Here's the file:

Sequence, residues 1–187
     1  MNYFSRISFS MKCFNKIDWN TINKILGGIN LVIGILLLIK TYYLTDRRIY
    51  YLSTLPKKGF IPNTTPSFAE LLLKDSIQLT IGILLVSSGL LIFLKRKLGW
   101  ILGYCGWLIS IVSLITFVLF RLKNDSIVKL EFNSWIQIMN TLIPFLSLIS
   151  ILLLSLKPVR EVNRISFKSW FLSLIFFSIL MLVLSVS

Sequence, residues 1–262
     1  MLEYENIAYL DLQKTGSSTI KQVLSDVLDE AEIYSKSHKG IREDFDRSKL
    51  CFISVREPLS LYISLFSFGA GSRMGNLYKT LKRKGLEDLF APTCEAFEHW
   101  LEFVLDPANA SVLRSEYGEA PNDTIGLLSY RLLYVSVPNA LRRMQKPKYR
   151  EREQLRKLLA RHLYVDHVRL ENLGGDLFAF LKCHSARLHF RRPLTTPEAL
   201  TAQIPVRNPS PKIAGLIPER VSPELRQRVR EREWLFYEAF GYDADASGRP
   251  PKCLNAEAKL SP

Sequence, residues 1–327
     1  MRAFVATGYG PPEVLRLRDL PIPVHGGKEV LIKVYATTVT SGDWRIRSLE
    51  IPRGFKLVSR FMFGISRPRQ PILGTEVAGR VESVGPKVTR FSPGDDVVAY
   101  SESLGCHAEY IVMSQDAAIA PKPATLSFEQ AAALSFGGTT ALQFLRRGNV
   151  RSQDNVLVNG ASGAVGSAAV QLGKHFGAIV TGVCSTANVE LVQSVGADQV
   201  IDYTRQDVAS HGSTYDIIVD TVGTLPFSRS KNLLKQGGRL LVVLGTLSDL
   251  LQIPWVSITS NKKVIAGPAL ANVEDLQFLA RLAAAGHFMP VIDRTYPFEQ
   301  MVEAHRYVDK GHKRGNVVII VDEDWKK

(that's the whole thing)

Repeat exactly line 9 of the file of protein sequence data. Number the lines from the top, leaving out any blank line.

   101  LEFVLDPANA SVLRSEYGEA PNDTIGLLSY RLLYVSVPNA LRRMQKPKYR